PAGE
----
A 90 minute closed book examination.
In a comparison-based model of computation,
give the decision tree-based lower bound (without working
out logarithms!) for the number of comparisons
to solve the following problems:
As we have a binary decision tree, the
solution is ceiling(log_2 N) where N
is the number of different solutions.
Think about this more generally.
Let A be a sorted list of n elements,
let B be a sorted list of m elements,
and let C be an unsorted list of k elements.
For the first question, we need to merge A and C.
The merged list of length n+k is totally
determined if each element of C in turn
were to know its position. The first element has
n+k choices, the second n+k-1 and so forth until n+1.
Thus, the number of solutions is
N = (n+k)(n+k-1)...(n+1) .To merge A and B into a list of length n+m, we only need to specify the positions the elements of B (as a group!) occupy in it. There are (n+m choose m) such choices. Thus,
N = (n+m)! / n! m!To get back to specific numbers, for part A, the answer is ceiling(log_2 (11x12))=8. For part B, the answer is ceiling(log_2 (27!/20!7!))=19.
We are given a complete position tree with
a fanout of 41 (41 children per node).
Given that there are n nodes in all, answer these
Let h be the height of the tree. Two of a number of
equivalent answers for part A. are:
h = ceiling(log_41 (40n+1)) -1 h = floor(log_41 (40n-39))Verify that these formulas are exact for all n (even n=1). To get the first solution, count the number of nodes in each full level, and obtain these bounds:
1 = 41 + ... + 41^(h-1) < n <= 1 + 41 + ... + 41^hfrom which we derive
(41^h -1)/40 < n <= (41^(h+1) -1)/40 41^h < 40n+1 <= 41^(h+1) .Now take logarithms to the base 41.
Part B: consider the standard array implementation of a k-ary position tree. A moment's thought shows that the number of leaves is n-parent[n], where parent[n] is the index of the parent of node n. Now, parent[n]=floor((n+39)/41) (this is the proper generalization of the formula for binary trees we saw in class). The answer is n-floor((n+39)/41), or, equivalently, floor((40n-39)/41).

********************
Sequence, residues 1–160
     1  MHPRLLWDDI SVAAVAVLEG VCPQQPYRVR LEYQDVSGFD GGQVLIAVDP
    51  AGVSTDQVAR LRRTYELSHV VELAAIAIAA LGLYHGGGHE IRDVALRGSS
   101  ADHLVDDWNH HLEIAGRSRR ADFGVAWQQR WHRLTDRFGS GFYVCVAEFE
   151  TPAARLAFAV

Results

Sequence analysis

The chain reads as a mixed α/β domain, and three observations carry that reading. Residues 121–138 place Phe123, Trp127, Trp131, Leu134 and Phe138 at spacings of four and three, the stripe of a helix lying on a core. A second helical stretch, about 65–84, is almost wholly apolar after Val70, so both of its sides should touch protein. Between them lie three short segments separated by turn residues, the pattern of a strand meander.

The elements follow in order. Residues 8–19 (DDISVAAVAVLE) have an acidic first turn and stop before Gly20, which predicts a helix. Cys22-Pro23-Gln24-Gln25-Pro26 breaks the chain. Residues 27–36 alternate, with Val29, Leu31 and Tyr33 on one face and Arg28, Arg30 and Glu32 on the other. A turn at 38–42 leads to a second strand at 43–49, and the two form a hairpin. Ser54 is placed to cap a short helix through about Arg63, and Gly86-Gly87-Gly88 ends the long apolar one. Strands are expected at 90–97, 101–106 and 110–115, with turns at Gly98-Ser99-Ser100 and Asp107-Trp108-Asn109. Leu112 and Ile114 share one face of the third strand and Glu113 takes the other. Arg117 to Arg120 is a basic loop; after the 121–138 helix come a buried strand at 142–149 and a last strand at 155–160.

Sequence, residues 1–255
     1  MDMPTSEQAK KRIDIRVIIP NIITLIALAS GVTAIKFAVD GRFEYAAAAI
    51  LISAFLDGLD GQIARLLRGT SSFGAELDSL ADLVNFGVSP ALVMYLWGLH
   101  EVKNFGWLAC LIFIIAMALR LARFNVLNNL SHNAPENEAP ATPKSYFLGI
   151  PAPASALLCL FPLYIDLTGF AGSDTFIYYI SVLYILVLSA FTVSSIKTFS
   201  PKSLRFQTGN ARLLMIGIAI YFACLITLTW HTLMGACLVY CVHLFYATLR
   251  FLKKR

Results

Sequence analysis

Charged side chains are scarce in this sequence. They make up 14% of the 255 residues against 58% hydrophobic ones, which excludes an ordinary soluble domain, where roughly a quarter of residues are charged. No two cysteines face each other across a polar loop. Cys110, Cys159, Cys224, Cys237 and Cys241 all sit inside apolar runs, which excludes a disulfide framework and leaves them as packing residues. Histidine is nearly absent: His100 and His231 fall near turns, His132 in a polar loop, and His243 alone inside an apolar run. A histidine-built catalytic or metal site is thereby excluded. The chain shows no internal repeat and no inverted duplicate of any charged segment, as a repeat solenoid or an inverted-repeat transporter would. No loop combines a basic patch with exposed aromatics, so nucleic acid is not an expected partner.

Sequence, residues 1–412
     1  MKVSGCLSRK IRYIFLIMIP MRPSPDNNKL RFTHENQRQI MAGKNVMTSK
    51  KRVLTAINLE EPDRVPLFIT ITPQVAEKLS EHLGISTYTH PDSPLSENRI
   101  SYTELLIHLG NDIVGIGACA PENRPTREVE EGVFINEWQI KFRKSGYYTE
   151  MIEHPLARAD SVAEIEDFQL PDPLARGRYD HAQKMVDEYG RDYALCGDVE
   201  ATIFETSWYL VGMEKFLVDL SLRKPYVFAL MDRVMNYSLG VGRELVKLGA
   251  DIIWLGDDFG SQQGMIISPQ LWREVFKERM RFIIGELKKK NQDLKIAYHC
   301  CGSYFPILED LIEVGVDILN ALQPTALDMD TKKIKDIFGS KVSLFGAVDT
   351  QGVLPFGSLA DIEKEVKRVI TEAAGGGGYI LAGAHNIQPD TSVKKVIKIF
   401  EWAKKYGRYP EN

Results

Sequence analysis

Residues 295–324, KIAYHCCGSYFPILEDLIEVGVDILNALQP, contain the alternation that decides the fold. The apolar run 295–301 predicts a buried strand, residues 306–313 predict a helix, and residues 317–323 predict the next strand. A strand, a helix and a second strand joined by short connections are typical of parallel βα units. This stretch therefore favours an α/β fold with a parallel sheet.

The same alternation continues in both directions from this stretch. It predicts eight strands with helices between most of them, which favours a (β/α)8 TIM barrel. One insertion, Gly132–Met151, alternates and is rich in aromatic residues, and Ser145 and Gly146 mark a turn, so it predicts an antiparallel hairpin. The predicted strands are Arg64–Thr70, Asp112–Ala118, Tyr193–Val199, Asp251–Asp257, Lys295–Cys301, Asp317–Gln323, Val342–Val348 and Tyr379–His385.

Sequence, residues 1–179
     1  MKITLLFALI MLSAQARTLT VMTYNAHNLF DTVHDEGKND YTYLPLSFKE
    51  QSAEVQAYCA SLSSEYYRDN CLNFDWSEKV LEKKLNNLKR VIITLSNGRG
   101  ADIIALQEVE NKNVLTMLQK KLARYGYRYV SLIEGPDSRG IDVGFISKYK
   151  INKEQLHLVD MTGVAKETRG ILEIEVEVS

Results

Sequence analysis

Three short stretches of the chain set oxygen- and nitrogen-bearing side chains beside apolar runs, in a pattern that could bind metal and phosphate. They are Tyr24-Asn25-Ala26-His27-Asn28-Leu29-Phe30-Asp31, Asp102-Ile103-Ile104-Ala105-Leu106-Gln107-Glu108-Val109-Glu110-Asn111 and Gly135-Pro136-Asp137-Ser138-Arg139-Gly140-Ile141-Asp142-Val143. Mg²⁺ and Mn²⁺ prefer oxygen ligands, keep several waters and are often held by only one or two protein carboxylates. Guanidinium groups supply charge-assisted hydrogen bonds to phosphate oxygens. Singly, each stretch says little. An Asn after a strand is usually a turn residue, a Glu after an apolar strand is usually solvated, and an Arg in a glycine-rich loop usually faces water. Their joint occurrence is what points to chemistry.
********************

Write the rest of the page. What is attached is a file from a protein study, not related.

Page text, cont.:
For part C, the recurrence is
T_n = 2 T_(n/41) + 1which by the master theorem yields T_n = theta(n^a), where a = log_41 (2).
Stacks, queues, algorithms.
Given are the following operations on any
kind of element:
We will stick all elements and partial infix subexpressions
It is helpful to write a short additional procedure
JOIN(a,b,op) that takes queues a and b (these could
be single-element queues holding operands,
or multi-element queues holding subexpressions),
and an operator op
as input and returns a queue holding (,
the elements of a, op ,
the elements of b, and ).
JOIN(a,b,op): MAKENULL(Q) JOINQUEUE(Q,MAKEQUEUE("(")) JOINQUEUE(Q,a) JOINQUEUE(Q,MAKEQUEUE(op)) JOINQUEUE(Q,b) JOINQUEUE(Q,MAKEQUEUE(")")) RETURN(Q)The main algorithm proceeds as follows:
MAKENULL(S) (S is an auxiliary stack of queues) while not EMPTY(Q) do: x=DEQUEUE(Q) (x is an element) if ISOPERATOR(x) then b=POP(S) a=POP(S) PUSH(JOIN(a,b,x),S) else PUSH(MAKEQUEUE(x),S) I=TOP(S) (I is the infix queue)Note: it is important to treat partially reconstructed pieces of the infix expression as we would individual elements. This can be achieved by treating all such pieces and all individual elements as queues (everyone is the same for the law). The JOIN operation puts the parentheses in the right places so that operator precedence is a non-issue. At the end, the stack S has only one element, the queue I. Technical note: JOINQUEUE(Q,MAKEQUEUE(op)) is equivalent to ENQUEUE(op,Q), but JOINQUEUE(Q,a) cannot be replaced by an ENQUEUE operation. It is also inefficient to enqueue all elements of the queue "a" individually as "a" may have many elements. For efficiency, JOINQUEUE is needed here.
Copyright © 2000 Luc Devroye. Email: email@example.com.